At War with the Patriarchy

Lauren K. Hall’s lead essay (and book) are both thoughtful, well-considered takes on the good that the family can do in moderating our political practice. Given the state of so much of our political theory, we can certainly use the moderation. Political theory’s grand projects have typically been nightmares in practice, and the family has commonly been a bulwark against them. Good for it.

But as everyone here will no doubt agree, the role of the family in political theory hasn’t all been sweetness and light. The relative individualism of modern political theory may have its dangers, but it has replaced something also quite dangerous – something purportedly based on the family.

Its name, of course, was patriarchy. Patriarchy and liberalism have always been enemies, as indeed they should be. While modern families are generally benign, even wonderful institutions, patriarchal families were not. They did nothing to moderate the scope of political authority. They were political authority.

In the idealized patriarchal family, the father ruled as a king; his word was law. The mother and the children were his subjects, and it was their duty to obey. In English common law, a wife’s very legal identity simply disappeared in marriage. Legally she was incapable of making contracts, incapable of owning property in her own name, incapable of refusing consent to sex, and usually incapable of leaving the marraige. Her husband made all decisions for her, and there was no appeal.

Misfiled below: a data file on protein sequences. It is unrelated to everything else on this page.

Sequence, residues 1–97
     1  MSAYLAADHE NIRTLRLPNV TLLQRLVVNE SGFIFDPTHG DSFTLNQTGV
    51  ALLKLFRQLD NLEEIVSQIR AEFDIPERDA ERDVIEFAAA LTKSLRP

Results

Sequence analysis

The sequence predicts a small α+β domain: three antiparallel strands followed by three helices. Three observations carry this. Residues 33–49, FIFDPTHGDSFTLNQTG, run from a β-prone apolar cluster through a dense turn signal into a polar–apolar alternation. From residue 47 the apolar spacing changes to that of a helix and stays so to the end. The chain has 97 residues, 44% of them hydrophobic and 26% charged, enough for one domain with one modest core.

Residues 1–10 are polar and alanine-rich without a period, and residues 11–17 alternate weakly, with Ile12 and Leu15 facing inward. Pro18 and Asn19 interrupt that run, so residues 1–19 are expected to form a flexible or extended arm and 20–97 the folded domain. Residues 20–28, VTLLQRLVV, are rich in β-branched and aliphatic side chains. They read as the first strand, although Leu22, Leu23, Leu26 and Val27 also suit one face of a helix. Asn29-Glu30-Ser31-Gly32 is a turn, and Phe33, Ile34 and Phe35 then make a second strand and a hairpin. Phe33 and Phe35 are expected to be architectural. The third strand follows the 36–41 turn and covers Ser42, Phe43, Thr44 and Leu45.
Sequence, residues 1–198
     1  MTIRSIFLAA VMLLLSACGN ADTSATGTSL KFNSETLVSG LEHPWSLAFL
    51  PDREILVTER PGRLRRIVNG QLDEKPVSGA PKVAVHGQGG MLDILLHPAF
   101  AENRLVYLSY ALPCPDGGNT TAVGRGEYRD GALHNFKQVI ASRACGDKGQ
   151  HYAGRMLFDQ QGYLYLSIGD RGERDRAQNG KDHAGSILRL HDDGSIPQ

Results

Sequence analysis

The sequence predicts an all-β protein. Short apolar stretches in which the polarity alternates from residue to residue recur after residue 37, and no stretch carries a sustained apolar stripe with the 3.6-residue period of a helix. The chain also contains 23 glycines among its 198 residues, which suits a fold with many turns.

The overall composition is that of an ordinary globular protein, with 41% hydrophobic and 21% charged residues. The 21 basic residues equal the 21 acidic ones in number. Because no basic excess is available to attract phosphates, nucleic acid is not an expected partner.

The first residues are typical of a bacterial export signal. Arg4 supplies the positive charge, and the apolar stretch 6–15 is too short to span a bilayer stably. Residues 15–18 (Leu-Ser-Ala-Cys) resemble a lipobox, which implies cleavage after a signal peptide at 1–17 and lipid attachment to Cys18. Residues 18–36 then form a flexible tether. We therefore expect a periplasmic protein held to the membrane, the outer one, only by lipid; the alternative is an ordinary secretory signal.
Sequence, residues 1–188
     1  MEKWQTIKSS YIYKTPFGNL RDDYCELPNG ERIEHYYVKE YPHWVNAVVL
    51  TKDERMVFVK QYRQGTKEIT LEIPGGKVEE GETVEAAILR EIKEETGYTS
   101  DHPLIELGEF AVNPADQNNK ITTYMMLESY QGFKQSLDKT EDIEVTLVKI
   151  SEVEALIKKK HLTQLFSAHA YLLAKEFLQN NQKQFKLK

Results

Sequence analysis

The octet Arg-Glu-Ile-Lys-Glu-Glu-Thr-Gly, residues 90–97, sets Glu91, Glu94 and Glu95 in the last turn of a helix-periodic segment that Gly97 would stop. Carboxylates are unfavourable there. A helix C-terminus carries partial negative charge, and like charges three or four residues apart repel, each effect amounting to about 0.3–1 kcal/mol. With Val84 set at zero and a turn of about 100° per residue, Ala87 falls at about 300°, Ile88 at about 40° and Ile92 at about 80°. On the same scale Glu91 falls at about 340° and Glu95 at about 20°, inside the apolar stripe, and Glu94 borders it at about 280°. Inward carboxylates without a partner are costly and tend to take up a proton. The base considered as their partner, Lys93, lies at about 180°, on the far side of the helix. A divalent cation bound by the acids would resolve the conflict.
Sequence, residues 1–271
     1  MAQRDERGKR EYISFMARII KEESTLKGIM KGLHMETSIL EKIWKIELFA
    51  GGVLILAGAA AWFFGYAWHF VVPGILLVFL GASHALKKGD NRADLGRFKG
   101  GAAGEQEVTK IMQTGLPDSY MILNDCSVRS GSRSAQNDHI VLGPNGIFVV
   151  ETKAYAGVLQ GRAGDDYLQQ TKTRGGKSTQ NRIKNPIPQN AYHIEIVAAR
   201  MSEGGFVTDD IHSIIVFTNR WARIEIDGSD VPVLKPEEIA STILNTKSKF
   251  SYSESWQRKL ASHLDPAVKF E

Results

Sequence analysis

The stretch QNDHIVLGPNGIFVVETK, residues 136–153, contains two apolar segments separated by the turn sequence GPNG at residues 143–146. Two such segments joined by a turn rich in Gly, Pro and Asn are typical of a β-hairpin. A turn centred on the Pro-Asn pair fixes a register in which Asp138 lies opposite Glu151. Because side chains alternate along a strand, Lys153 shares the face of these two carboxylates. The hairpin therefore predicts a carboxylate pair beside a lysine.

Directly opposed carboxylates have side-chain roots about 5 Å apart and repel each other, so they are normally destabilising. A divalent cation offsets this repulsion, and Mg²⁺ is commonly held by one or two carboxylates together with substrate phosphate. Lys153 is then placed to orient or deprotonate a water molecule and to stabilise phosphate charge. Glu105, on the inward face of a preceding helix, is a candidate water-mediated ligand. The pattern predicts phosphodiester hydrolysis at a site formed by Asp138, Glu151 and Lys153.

Patriarchy takes this, more or less, as the proper model for government. As a result, traditional patriarchs look to modern eyes less like fathers and more like the rulers of the world’s smallest despotisms. And they offered their moral support to the world’s largest despotisms.

Let’s look at some examples. As the wanna-be absolutist James I wrote:

The king towards his people is rightly compared to a father of children… the style of Pater patriae (father of his country) was ever and is commonly used to kings… As the judgment coming from the head may not only employ the members, every one in their own office, as long as they are able for it; but likewise in case any of them affected with any infirmity must care and provide for their remedy, in case it be curable, and if otherwise… cut them off for fear of infecting the rest: even so is it betwixt the prince and his people.